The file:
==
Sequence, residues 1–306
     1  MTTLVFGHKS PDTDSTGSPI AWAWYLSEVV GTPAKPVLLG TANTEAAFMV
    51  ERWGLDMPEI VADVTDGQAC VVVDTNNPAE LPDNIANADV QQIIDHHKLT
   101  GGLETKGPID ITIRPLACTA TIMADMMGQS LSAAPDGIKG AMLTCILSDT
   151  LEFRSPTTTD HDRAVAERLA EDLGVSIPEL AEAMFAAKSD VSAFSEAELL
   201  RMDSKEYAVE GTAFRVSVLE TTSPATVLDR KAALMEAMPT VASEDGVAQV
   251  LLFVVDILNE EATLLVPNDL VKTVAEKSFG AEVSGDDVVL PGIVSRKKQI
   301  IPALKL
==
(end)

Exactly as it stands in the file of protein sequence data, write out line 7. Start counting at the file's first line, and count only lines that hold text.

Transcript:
   251  LLFVVDILNE EATLLVPNDL VKTVAEKSFG AEVSGDDVVL PGIVSRKKQI